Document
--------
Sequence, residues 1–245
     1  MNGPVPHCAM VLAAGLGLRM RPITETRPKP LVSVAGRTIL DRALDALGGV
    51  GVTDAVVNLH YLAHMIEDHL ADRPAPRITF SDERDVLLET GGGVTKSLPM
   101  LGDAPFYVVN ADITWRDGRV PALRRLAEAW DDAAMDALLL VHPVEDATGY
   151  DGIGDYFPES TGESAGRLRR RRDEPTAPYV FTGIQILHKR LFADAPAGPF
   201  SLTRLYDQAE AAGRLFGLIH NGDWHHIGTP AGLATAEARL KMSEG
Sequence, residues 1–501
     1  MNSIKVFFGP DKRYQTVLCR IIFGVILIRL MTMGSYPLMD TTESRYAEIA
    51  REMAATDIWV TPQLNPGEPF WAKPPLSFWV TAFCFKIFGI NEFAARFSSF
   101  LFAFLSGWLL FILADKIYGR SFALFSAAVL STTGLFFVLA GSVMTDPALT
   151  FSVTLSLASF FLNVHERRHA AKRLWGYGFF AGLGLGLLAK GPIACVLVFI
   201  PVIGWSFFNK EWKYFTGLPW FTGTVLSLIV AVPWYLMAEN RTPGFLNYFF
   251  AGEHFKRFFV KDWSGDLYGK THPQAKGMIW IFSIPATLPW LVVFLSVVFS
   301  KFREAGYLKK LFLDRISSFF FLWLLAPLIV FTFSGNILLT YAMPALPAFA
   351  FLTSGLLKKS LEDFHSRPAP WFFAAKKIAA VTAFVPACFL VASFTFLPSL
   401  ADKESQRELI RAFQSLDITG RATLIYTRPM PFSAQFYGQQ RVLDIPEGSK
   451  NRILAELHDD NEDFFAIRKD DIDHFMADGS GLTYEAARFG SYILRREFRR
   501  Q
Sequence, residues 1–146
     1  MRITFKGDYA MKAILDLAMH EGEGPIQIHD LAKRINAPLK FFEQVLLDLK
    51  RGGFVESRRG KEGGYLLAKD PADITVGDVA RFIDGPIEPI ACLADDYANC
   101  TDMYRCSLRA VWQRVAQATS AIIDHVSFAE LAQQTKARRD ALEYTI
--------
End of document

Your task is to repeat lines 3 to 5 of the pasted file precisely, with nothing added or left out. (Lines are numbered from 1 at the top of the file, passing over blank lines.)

    51  GVTDAVVNLH YLAHMIEDHL ADRPAPRITF SDERDVLLET GGGVTKSLPM
   101  LGDAPFYVVN ADITWRDGRV PALRRLAEAW DDAAMDALLL VHPVEDATGY
   151  DGIGDYFPES TGESAGRLRR RRDEPTAPYV FTGIQILHKR LFADAPAGPF